Companies vary on how much documentation they provide for people setting up and running CNC machines. There may be reasons you document jobs in a certain manner, but there are three major factors that contribute to how much you should document: the percentage of repeated jobs, the number of people involved with a given job and the complexity of the job versus the skill level of the people involved.
Percentage of repeated jobs: The greater the percentage of repeated jobs, the more documentation you should provide. The more a task is repeated, the easier it is to justify improving it. Ensuring that you provide adequate documentation is almost always the first thing you should do to improve.
Admittedly, some companies (particularly job shops) never see the same job twice. Even if they do get repeat business, they won’t know when they run a job for the first time that they’ll get the job again in the future. For such shops, it can be difficult to justify elaborate documentation.
But consider a product-producing company that runs a finite number of jobs over and over. For this kind of company, there is no excuse for confusion that leads to wasted time at the machine resulting from inadequate documentation. Of course, some jobs will be run more often than others; weeks, months or even years may pass before a job gets run again. For those less frequent jobs, people may forget how to run them. Adequate documentation will ensure that machines don’t sit idle while people figure things out.
The number of people involved with a job: The more people involved, the more documentation you should provide. Again, companies vary greatly in this regard. In many job shops, one person programs, sets up and runs out the entire job. In this case, and especially if the job will never be run again, documenting will only add to the amount of time it takes to complete the job.
On the other hand, companies where several people are involved with each job must have a way to communicate with one another. Consider a product-producing company with ten CNCs. It may have one or two programmers, two or three setup people and as many as 30 operators. Good communication is essential at this kind of company. Even if there are many repeat jobs, different people may run a given job every time. Left to their own devices, it is likely that each person will do things differently.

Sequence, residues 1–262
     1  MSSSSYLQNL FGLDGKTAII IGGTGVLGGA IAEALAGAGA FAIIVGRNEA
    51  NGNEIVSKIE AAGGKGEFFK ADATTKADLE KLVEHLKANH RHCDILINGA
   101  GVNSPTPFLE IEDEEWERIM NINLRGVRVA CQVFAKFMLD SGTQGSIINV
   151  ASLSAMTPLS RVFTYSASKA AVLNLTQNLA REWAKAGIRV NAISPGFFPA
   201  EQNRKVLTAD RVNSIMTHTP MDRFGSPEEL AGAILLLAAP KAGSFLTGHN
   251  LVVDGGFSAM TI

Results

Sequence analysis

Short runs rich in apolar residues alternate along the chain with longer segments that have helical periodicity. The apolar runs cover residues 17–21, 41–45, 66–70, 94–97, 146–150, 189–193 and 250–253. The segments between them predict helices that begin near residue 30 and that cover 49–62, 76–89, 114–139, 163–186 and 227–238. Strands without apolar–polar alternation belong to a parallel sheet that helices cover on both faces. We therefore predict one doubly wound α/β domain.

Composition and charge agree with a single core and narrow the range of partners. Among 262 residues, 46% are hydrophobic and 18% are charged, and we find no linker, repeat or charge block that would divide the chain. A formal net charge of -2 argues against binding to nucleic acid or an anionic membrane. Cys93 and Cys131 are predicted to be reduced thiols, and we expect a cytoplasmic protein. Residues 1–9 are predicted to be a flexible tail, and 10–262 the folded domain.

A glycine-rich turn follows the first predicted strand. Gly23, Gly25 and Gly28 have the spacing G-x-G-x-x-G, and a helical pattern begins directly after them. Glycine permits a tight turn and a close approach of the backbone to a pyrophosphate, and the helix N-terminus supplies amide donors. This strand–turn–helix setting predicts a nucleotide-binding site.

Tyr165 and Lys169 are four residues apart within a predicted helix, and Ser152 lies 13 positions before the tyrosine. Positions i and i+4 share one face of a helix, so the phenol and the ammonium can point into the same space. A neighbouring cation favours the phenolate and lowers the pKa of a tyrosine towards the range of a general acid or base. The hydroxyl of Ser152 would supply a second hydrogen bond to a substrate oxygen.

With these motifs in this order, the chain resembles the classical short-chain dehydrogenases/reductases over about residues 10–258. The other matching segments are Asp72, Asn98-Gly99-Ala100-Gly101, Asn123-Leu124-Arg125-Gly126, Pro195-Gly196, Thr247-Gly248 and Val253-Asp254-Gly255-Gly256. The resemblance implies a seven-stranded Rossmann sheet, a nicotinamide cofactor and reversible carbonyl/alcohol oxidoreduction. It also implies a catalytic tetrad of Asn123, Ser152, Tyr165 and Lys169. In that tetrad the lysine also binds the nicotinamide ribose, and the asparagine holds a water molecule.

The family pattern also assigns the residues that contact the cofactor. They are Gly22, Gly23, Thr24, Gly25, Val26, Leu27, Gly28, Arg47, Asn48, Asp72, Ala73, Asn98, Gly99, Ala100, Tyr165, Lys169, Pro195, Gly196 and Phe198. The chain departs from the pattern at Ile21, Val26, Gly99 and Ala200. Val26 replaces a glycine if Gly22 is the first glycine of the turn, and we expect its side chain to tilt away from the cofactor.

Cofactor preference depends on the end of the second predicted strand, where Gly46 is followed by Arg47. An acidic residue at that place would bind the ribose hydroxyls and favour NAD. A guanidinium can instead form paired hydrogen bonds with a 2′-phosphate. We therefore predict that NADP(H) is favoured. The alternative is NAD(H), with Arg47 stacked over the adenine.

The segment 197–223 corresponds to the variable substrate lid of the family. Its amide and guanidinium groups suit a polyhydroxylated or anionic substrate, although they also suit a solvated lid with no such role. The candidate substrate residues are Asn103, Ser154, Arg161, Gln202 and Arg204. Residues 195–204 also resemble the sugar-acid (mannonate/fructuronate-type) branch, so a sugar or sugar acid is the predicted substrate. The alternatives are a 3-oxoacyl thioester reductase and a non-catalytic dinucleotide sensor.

Complexity of the job versus the skill level of personnel: Documentation for a task should always be aimed at the workers with the lowest skill level that will perform the task. The more people involved with your CNC environment, the more likely it is that there will be variations in their skill levels.
Job shops and tooling-producing companies tend to require a great deal from their people, and they tend to have very skilled people. With this high skill level comes a minimal need for instruction. Again, these companies tend to have a minimal amount of repeat business and have one person performing all tasks related to a given job, which also minimizes the need for documentation.
Conversely, product-producing companies tend to hire people with lower skill levels, especially for the position of CNC operator. Some new CNC operators, for example, may have little or no previous experience with manufacturing, let alone CNC. And because of the number of CNC operators a company must have, this tends to be the hardest position to keep filled, meaning there may be a constant influx of new, inexperienced operators. Remember, the lower the skill level, the more documentation you should provide.
Many companies provide good setup documentation but provide nothing for CNC operators. They either expect setup people to relate the details of how the job should be run (workpiece load/unload, sizing adjustments, tool replacement and so on), or they expect operators to figure it out.
To tell if you’re providing adequate documentation, watch your setup people and operators. Are they struggling to figure out how each task should be performed? Worse, are they making mistakes that cause them to backtrack (duplicating effort) once the mistake is found? Worse yet, are mistakes they make going undetected until they scrap workpiece(s) or damage machines? How often is someone called out to the machine to handle a question or problem? These are all indications of inadequate documentation.
There are two ways to improve: provide more training to increase the skill level of the person performing the task (minimizing the need for documentation), or decrease the skill level required to perform the task. One way to accomplish the latter is to provide a better explanation of how the task must be performed with documentation.